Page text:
Inspectors spread the word on jam-making shortage
It has recently come to light that the Further Education Funding Council is ahead of the game on this one. It has been running a pilot over the past year where the most unlikely people have been sent to inspect colleges.
The TES has managed to find some early drafts, which we print below: Report 1: Tumbledown College, Mill Street, Bradford. Inspected by the Women's Institute. The report said: "We have to confess that our first impressions were not encouraging. There were no roses round the door, ruched blinds on windows or scatter cushions in reception. On arrival we asked to be shown the jam-making course. The receptionist said she was sure there must be one as the chief executive was always promising jam tomorrow. Did it have national vocational qualifications status? Of course, she replied, you can get an NVQ in any daft subject these days.
"We met the chief executive and her eight vice-principals. None of the VPs would admit to being responsible for jam-making. The chief promised to appoint one who would.
"We asked to see the jam-makers at work, but were told that the college's information system wasn't good at identifying specific courses, lecturers or even students. It seemed that the software wasn't up to the job and the programmes that could do it had been on order since 1992.
"We eventually found the course in a hut next to the boiler room. All the students could perform the individual tasks associated with jam-making, but none had been taught how to put them all together and make jam. We found this puzzling, but it was consistent with the chief's promise. Grades awarded: soft furnishings 5, management 5, jam-making - ungraded.
Report 2: Dourface College, Industry Lane, Birmingham. Inspected by well-known FE house journal staff. They said: "At first we refused to believe this was an FE college. It wasn't like any of the institutions featured on our glossy pages. The buildings were decrepit; there was no architect-designed extension with fountains and flowering shrubs. We found only sad people posing as lecturers and moaning about having too much work and no pay rise since 1993. We did get a chuckle from them when we asked why they weren't working on the banks of state-of-the-art computers as found in all the colleges we normally have dealings with.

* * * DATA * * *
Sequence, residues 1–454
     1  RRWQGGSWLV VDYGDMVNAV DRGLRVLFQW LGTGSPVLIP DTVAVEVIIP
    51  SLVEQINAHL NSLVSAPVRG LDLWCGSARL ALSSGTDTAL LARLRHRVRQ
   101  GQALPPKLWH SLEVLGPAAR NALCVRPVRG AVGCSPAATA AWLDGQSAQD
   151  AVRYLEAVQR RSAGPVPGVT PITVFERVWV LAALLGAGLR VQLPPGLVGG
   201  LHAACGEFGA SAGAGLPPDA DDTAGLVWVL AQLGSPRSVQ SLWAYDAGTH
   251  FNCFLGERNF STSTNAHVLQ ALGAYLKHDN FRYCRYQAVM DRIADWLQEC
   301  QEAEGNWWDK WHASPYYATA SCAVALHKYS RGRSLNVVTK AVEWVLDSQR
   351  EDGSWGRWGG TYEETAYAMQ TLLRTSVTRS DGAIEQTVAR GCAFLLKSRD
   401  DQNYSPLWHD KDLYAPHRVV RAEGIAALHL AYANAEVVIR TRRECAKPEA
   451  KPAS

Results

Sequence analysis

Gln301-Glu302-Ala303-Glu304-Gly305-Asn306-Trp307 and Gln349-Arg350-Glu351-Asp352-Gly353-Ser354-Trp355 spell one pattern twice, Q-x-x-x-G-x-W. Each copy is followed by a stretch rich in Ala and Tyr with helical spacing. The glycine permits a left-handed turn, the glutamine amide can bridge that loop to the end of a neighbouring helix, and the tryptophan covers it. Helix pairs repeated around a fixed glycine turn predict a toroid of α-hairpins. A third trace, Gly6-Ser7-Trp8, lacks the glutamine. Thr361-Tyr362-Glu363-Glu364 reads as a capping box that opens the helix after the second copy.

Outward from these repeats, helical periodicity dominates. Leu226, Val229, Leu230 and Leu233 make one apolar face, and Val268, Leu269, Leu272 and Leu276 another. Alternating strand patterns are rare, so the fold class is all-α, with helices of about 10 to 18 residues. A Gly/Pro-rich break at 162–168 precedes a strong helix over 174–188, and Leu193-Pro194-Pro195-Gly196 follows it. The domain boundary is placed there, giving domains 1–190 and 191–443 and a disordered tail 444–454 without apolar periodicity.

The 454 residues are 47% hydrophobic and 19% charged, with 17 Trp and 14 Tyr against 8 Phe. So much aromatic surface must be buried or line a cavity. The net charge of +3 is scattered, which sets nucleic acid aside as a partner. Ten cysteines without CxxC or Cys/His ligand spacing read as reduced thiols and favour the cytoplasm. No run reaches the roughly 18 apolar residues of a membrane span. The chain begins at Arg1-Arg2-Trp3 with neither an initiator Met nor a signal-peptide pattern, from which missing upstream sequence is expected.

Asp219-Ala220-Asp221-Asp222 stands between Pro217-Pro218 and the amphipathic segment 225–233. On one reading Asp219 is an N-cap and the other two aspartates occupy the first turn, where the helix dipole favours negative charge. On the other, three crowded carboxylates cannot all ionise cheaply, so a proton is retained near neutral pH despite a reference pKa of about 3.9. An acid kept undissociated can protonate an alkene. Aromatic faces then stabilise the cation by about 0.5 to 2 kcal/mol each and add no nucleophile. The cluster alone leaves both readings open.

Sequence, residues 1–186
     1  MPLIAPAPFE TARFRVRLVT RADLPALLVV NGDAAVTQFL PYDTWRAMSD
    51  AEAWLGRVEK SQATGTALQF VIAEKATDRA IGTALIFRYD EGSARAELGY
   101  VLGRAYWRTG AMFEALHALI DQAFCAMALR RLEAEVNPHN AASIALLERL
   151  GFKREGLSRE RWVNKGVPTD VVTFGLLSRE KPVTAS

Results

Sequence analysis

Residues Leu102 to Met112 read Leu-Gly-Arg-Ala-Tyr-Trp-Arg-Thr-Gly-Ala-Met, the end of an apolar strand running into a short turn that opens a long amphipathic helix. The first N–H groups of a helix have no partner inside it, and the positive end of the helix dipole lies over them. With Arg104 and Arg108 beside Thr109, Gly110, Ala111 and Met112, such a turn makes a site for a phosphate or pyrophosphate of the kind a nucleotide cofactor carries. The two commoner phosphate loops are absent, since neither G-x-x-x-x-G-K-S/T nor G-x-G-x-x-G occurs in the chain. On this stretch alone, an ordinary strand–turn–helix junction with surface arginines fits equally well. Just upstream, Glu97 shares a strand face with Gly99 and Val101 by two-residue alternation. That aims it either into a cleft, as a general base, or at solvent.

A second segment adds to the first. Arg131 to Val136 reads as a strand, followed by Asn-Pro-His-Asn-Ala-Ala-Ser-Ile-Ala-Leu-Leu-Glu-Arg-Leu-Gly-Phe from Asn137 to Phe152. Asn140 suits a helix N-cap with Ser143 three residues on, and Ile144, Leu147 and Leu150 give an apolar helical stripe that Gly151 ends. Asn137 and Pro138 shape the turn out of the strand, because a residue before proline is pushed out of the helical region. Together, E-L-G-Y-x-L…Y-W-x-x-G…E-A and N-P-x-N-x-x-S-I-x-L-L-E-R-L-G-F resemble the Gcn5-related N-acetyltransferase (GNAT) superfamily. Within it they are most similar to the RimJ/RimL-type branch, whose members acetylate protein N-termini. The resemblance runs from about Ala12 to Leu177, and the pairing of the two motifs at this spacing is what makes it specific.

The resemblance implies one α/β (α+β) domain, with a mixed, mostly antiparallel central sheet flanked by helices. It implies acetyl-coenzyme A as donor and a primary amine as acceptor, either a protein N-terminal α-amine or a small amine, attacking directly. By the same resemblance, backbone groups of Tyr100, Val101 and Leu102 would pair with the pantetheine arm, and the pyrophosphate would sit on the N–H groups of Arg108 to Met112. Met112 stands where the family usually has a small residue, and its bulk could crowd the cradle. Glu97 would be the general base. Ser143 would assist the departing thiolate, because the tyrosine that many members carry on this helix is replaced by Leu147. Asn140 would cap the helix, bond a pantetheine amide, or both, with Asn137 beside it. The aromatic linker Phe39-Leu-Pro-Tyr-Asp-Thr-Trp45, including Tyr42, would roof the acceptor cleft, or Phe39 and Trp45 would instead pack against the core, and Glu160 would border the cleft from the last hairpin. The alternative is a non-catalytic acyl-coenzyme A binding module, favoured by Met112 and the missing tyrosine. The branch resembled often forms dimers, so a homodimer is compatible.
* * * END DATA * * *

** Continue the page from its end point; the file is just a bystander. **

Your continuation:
"We started to feel more comfortable once we met the chief executive and he showed us round his new Pounds 50,000 executive washroom, complete with power shower and low-flush loos. The suite was in pastel peach, which matched the soft leather upholstery in his recently-completed corporate client entertainment lounge. Our photographer was in Seventh heaven and we intend to recommend Dourface as an example to others." Grades awarded: staff morale 5, management perks 1.
Report 3: Bobshort College, Fairygodmother Lane, Bristol. Inspected by the Salvation Army. The inspectors said: "We felt at home in this environment. Having spent our lives among the poor, the wretched and the exploited, we easily struck up a rapport with the teachers. Others were less easy to get close to, however. On entering the building each day we were confronted by a man with five days' beard growth and a half-empty bottle of meths. His hand was outstretched and he was mumbling a request for money. When we eventually made out his words "Have you got any spare hundreds of thousands of pounds please", we realised it was Bobshort's chief finance officer.
"Very few copies of War Cry were sold on this assignment. Mostly the lecturers tried to sell us things as they had not been paid for the past six months. We couldn't properly assess the quality of the management either, as the chief executive was on sabbatical in the Cayman Islands and most of his colleagues were currently detained at Her Majesty's pleasure." Grades awarded: Faith 5, hope 5, charity - who are you trying to kid, this is FE in the 90s!
Stephen Jones is a London FE lecturer.